Manila: Two women lawmakers who belong to a militant-sectoral party at the House of Representatives have filed a Bill seeking the legalisation of divorce in the Philippines, a Catholic country, a radio report said.
“Divorce could actually provide protection to battered women and their children from further violence and abuse,” Gabriela party-list Congresswomen Luzviminda Ilagan and Emerenciana de Jesus said in a statement.
Consultations with women lawyers, and studies of various women’s groups and spouses with marital problems gathered by the women’s party Gabriela inspired the filing of the divorce bill, said the two, adding the majority of battered women want to seek separation after years of trying to make their failed marriages work.
They cited a 2009 study which showed that 19 women were victims of marital violence every day.
The Philippine National Police also said that wife beating has reached a high of 6,738 a year.
“Couples must have the option to avail of the remedies that will pave the way for the attainment of their full human development and self-fulfillment and have protection of their human rights [despite having failed marriages],” said the two lawmakers, adding the existing laws are not enough to guarantee and protect these rights.
Several women said that Filipino men keep mistresses to the financial and emotional disadvantage of their wife.
In the proposed bill, the two lawyers said that divorce may be filed by a petitioner who has been separated from his or her spouse for at least five years and reconciliation is highly improbable; and by a petitioner who has been legally separated from his or her spouse for two years.
According to the proposed bill, a petitioner can file for divorce when any of the grounds for legal separation have caused the irreparable breakdown of the marriage; when one or both spouses are psychologically incapacitated to comply with the essential marital obligations; and when the spouses suffer from irreconcilable differences that have caused the irreparable breakdown of the marriage.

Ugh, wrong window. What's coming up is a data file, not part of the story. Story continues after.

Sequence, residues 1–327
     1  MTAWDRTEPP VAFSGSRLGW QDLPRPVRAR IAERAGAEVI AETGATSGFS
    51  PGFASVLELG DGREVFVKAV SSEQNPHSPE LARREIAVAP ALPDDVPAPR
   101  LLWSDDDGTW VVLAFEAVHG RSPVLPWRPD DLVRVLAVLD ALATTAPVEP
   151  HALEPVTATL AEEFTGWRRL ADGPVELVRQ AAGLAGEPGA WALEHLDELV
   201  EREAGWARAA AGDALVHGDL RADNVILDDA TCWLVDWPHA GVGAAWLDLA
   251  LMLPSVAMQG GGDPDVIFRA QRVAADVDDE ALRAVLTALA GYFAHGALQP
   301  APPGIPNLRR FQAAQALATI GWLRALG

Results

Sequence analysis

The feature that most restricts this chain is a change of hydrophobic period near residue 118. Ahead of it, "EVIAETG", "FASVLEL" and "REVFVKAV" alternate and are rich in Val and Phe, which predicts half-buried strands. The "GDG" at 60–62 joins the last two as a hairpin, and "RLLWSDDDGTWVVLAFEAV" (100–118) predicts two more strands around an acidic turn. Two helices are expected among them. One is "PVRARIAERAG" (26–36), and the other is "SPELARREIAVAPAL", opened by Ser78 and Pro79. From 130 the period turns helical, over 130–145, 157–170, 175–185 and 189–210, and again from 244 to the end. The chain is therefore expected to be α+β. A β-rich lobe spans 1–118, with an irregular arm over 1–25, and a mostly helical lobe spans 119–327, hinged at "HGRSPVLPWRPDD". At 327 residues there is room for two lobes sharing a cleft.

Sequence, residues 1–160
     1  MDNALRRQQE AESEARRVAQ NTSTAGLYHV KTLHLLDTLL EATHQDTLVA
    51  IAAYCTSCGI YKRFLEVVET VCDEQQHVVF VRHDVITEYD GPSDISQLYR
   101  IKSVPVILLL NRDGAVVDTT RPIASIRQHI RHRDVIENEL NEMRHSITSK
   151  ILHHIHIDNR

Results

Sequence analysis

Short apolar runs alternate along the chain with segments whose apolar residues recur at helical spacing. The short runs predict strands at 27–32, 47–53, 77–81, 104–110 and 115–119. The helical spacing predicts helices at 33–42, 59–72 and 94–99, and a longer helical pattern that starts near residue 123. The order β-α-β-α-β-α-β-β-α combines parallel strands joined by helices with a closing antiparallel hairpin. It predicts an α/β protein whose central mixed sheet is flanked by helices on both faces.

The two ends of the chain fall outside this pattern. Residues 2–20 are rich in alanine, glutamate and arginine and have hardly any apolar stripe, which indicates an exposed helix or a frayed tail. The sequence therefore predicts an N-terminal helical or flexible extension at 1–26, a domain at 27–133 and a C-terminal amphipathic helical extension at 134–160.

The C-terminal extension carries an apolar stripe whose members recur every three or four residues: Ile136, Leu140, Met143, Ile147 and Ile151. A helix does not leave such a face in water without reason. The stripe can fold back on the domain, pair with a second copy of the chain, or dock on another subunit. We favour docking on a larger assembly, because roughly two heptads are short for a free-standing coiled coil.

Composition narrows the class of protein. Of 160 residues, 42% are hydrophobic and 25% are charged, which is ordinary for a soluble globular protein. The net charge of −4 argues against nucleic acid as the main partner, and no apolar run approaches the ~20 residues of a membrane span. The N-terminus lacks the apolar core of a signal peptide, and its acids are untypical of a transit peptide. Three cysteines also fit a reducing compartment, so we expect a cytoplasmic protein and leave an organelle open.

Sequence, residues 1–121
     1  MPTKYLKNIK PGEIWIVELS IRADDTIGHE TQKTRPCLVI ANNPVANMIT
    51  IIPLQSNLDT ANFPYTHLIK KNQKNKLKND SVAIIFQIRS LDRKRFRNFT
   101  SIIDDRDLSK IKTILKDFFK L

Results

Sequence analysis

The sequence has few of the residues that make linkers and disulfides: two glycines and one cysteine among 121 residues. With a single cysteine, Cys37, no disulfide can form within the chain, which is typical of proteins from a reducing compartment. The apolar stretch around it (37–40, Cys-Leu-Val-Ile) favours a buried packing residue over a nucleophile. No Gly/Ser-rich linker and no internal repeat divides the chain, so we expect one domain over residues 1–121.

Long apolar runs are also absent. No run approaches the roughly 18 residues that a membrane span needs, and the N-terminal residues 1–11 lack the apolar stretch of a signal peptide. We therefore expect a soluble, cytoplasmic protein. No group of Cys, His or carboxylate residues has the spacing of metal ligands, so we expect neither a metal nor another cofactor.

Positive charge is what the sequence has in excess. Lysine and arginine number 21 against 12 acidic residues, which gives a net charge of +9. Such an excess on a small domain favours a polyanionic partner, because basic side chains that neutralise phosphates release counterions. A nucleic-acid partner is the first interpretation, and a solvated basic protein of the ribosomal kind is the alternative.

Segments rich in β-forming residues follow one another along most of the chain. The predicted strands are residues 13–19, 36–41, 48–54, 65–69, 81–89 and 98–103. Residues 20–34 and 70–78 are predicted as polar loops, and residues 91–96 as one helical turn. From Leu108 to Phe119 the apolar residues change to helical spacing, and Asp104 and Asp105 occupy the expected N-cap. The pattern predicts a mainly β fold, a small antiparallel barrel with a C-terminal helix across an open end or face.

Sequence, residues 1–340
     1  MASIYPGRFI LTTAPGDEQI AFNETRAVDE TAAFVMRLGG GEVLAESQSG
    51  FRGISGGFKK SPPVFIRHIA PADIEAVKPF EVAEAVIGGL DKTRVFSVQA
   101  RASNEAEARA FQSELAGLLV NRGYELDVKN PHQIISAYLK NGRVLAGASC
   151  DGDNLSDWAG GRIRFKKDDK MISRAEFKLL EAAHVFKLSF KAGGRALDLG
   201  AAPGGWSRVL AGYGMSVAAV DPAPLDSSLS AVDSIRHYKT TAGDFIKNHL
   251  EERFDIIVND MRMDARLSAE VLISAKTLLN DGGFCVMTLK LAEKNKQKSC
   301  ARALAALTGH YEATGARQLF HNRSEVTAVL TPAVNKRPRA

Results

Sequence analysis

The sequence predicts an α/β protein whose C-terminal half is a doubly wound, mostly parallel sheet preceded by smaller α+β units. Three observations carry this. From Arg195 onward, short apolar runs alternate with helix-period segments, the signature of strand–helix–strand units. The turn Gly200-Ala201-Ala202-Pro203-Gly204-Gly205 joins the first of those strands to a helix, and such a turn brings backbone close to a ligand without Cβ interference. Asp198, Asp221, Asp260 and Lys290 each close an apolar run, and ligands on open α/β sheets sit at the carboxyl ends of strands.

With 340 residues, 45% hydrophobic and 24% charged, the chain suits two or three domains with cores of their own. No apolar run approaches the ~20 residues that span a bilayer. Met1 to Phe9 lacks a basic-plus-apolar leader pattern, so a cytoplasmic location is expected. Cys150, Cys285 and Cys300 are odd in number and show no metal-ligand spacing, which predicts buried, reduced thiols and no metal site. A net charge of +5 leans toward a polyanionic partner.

Divorce, the woman lawmakers said, will be an additional remedy to troubled marriages, in addition to legal separation and marriage annulments that the Philippine courts have allowed to prosper.
Congressman Ignacio Arroyo Jr, said in a radio interview that he supports the bill.
“Let’s join the 20th century with this bill,” Congressman Walden Bello of Akbayan said.
“Debates on the bill will bring out the real picture of the state of [the Philippine] family and how we can ensure and protect everyone’s rights,” said Congresswoman Milagros Magsaysay.
But Congressman Roilo Golez said the proposed bill would give married couples “a weapon of mass destruction that they can use against each other”.
“Legalising divorce might encourage or promote the destruction of families,” said Congressman Ben Evardone.
“Various churches in the Philippines will lobby against the bill. I still adhere to the Biblical saying that what God has joined together, let no man divide,” said Congressman Elpido Bargaza.
“There is an overwhelming majority of congresspersons who believe in the sanctity of the family and its preservation as the primary fabric of society,” said Congressman Federico Quimbo.
The majority of Filipinos belong to the Roman Catholic Church - which is against divorce.